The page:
Avoid making these 7 common property investment mistake

Posted by Lynette Tan on January 4, 2018

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After waiting for years for Singapore’s property market to bottom out, property investors are starting to see some traces of a revival in 2017. A slew of enbloc sales, developers paying record sums for government land sales and an uptick in the private property price index recently seems to have whet investor appetite.

In 2018, we will see the largest supply of private homes coming onboard, with supply gradually dwindling in the following years. This has led property investors to begin looking out for value purchases.  

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Source: URA

While property investment seems to be pretty fool-proof in land-scarce Singapore, it no doubt, carries as much risk as other investments and due diligence is advised.  For first-time property investors, you may want to factor in the 7 common mistakes listed below for a smooth ride towards wealth accumulation.

 

1. Not treating property investment logically

There are many different strategies towards property investing, but one of the most common includes buying a second property as investment property and earning rental income out of it.

Sounds easy right? Except that some people get emotionally-attached to their property, and start choosing one based on their own personal likes and dislikes and not its appeal to potential tenants.

When buying a property for rental income, the most important factors to consider it whether you will be able to rent it out at the required amount to make the investment viable. As such, you’ll need to research the location, check out the competing properties around and work out the financials to see if it is worth your money.

 

2. Getting poor financing

 When it comes to property investment, the best case scenario is when your tenant can pay a rent that covers your monthly mortgage. This, however, may not happen all the time, especially when the rental market is in a lull. That’s when getting good financing is especially important.

 

Instead of going to a bank that you are familiar with, it’s best to approach a mortgage broker that understands your needs and gives you the most competitive package. Similar to how the amount of fees you pay for your mutual funds can mean a difference between profit and loss, the same goes for property financing.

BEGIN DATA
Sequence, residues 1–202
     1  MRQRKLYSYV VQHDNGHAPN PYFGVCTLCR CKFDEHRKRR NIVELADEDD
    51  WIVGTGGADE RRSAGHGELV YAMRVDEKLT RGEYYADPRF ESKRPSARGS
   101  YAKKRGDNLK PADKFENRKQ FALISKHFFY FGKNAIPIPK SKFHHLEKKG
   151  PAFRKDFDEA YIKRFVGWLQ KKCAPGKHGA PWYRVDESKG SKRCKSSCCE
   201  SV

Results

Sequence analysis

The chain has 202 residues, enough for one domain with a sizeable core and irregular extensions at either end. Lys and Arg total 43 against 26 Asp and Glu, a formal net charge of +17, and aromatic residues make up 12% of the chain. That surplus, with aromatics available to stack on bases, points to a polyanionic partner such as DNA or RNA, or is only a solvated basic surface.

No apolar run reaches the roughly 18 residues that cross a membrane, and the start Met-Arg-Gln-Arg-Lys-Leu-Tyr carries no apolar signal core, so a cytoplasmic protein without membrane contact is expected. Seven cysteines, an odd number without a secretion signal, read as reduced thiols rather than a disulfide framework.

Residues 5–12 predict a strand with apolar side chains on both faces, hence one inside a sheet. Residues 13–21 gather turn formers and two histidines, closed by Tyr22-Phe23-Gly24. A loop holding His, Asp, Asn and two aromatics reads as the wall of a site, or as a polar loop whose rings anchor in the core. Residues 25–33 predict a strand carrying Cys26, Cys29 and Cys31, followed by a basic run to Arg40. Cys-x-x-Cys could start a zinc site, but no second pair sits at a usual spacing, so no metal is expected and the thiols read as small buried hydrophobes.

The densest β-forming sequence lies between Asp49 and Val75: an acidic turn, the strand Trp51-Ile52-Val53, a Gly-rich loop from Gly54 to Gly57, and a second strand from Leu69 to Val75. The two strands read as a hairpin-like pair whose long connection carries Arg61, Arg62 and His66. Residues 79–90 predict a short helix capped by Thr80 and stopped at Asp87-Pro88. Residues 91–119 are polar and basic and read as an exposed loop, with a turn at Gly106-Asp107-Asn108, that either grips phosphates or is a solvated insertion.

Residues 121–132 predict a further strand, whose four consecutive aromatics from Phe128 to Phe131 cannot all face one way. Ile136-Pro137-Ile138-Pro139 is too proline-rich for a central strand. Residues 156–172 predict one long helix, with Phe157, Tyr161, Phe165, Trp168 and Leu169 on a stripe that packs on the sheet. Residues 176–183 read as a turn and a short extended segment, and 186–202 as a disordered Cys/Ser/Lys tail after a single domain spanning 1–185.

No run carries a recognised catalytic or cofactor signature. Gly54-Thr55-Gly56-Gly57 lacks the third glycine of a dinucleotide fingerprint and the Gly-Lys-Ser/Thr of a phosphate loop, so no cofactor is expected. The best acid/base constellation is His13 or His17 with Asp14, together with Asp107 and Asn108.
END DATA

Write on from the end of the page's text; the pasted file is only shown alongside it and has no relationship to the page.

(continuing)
3. Signing the OTP before getting loan approval(TDSR)

When you decide on the property you want to buy, the first step is to sign the Option to Purchase (OTP). This is a non-refundable deposit that is usually 1% of the property’s purchase price. Once the OTP is signed, you have three weeks to exercise the Option and make the rest of the payment, which is usually between 5 to 10% of the purchase price. If you don’t buy the house within three weeks, 25% of the booking fee will be forfeited.

This means you need to have Approval in Principle (AIP) from a bank before you sign the OTP. The AIP is a bank’s promise to grant you the home loan you need, taking into consideration the eligibility criteria. If you are new to this, a mortgage broker will be able to advise you on the eligibility criteria and calculate the TDSR requirements for you.

 

4. Selling too soon

It may be tempting to sell the house when the market isn’t doing well. On the flip side, some maybe too keen to take profit too early. Property market goes in cycle, and with all the hassle and cost involved, it is best to have a target sale price in mind instead of selling on a whim.

 

5. Not cutting loss

On the other hand, the property market is never a sure-win bet. You only need to read the multiple losses by owners of properties in Sentosa Cove to understand that. Like all investments, you should have a cut off point where you tell yourself it’s time to sell. With an investment that involves so much money, waiting too long can even risk putting you in the bankruptcy seat.

 

6. Not doing due diligence

While we dare say Singapore properties are somewhat safer to invest due to the strict regulations on developers, we can’t say the same for other countries. In recent years, it has been extremely common for overseas developers to set up roadshows offering “bargain” prices of overseas properties.

Other than the possibility of not having any completed property at all, you may not be familiar with the financing facilities overseas, as well as the background of the developers. You only have to go take a look at neighbouring Iskandar to see the number of developments that should have been launched 3 years back to still be under construction. Financing for Australia properties are stricter in recent years, and it resulted in many buyers having trouble finding mortgage loans.

There’s no doubt you could chance upon a value buy, but if you are not willing to go through the trouble of checking through every single detail, it’s probably a better idea to keep your property investment here

 

7. Only focusing on residential property

Do you know that owning a commercial property may be easier than a residential property here? What’s more, properties like office spaces, retail spaces and even medical suites can potentially give you higher yields compared to residential properties. Additionally,  commercial properties aren’t subjected to Additional Buyer’s Stamp Duty (ABSD) as well.

Making smart investments often requires one to look beyond the obvious in order to find value purchases. Open up your options and who knows, you may find your golden goose.

 

 

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Topics: Invest

Written by Lynette Tan

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